Put differently, most combinations of points on A and B don't matter, as they won't land us on the border of A ⊖ B. We only need to consider the case where they're in opposite directions. (There's some easy intuition for why this is the case: I'll leave that as an exercise)

Alright, the stage has been set for GJK. The goal of the GJK algorithm is to find a simplex on A ⊖ B that contains the origin (or show that none exists), while doing as few operations as possible.

Let's appreciate how incredible such an algorithm would be: given any convex shape, as long as it has some defined notion of support points, we can detect collisions. That's unbelievably powerful.

Here's how it works:

1) First, find a point on A ⊖ B using a random direction d, which we'll call p. This is just S(d) - S(-d). It's the first point on our simplex.

2) Then, let's take the dot product of d and p. If it's positive, we keep going on with the algorithm. If it's negative, that means d and p point in opposite directions. In that case, we terminate the algorithm, as there's no way for B and A to overlap.

But why?

It's more clear when we rotate our view to be in line with d. Point a is S(d), and point b is S(-d). Now, point a is the "top" of shape A, and point b is the "bottom" of B. Remember that p = a - b. So, if we project p onto d by taking the dot product, and it's negative, a gap exists between A and B.

3) Ok, great. We've got one point of our simplex. Now, we need another. From our point p, let's shoot in the direction of the origin. Take the support of that vector -d, and run our check from step 2 on it.

If you think about it, we're just finding the point most in the direction of the origin from p. If our shape encloses the origin, then our new point will have to be on the opposite side of it.

Remember how we just performed the check from step 2? Well, there's another way to think about it. We're just checking to see if we've crossed the origin. If the origin is within our shape, we'll have to cross it when we take support points in opposite directions.

4) Now, we're ready to complete the simplex. Let's take the vector perpendicular to our first 2 points in the direction of the origin. The support of that vector is the 3rd point of our simplex.

I mean, think about it. We've effectively divided the space in half with our first line. We know the origin can't be anywhere on one side of our line, so we continue our search in the opposite direction. That's the efficiency of GJK: we'll keep dividing the space in half, until we find the point.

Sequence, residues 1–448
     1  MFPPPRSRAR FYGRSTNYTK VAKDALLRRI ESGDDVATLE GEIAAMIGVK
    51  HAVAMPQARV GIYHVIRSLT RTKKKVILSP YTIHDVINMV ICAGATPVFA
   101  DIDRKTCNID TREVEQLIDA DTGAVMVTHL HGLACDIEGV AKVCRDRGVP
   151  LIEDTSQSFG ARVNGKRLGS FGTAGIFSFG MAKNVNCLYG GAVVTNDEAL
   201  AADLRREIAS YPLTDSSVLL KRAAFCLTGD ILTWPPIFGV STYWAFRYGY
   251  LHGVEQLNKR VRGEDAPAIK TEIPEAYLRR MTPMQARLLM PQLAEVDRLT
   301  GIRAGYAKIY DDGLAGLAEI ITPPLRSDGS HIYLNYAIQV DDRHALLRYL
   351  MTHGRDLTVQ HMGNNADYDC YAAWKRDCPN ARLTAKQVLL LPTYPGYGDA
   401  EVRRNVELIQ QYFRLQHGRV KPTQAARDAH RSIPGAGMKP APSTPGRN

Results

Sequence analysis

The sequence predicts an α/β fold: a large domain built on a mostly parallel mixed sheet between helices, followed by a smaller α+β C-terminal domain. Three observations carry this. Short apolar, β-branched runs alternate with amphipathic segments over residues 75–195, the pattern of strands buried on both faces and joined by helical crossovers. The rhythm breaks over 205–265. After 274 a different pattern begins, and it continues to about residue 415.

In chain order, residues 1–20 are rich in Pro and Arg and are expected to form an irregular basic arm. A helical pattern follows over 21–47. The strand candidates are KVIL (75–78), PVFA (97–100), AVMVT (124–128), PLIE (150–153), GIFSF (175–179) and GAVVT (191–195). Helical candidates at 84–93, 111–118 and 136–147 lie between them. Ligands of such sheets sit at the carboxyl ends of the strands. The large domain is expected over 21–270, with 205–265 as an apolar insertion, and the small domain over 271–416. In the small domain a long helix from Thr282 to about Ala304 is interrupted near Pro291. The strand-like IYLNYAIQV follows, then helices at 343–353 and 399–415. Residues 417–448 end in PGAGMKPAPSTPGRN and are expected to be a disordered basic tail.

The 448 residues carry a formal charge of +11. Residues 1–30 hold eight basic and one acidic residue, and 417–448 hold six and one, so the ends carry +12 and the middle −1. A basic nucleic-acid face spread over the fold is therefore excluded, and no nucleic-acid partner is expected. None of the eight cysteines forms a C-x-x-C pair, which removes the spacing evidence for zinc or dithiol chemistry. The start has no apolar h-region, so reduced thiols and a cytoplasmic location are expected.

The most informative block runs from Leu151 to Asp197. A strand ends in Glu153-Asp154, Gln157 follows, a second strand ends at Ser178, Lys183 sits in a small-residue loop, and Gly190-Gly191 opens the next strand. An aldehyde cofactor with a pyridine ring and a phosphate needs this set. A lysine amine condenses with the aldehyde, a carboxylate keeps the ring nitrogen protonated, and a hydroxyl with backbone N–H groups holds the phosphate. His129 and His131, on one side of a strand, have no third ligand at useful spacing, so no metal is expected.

Oh, and as usual, we can run our check from step 2 to see if we've proven that the shapes do not overlap.

5) Now, let's see if our simplex contains the origin. If it does, we return true. Otherwise, we continue on.

To find if the origin is within our triangle, first, let's break down the area surrounding it into the three infinite regions depicted below.

The overlapping red, green, and blue regions each divide the space in half: an inside region, and an outside region.

We've already eliminated the possibility of the origin being in the red region. So, we just have to check whether it's outside either of the remaining 2 lines.

Luckily, we already know how to do this. Just take the dot product perpendicular to a given line to see if the origin is beyond it. If so, we know it must be in the white region.

6) Now, it's time to iterate. We repeat from step 4, this time from the line on our simplex closest to the origin. We update our simplex using this new support point, and check if the new simplex contains the origin, as we did in step 5. This time, it does! Our algorithm returns true. If it doesn't, we keep doing this iterative process until it does, or one of our checks fails.

And, that's it. That's the essence of the GJK algorithm.

I've glossed over a few implementation details, but you now have all the intuition you need to develop an in-depth understanding.

Personally, I find this algorithm pretty because it's such a tidy example of what makes mathematics so powerful. Through a bunch of subtle shifts in perspective, a complicated problem becomes obvious.

There's probably a few things incorrect with what I said. So, take it with the appropriate amount of salt for a high school sophomore's explanation of anything math related.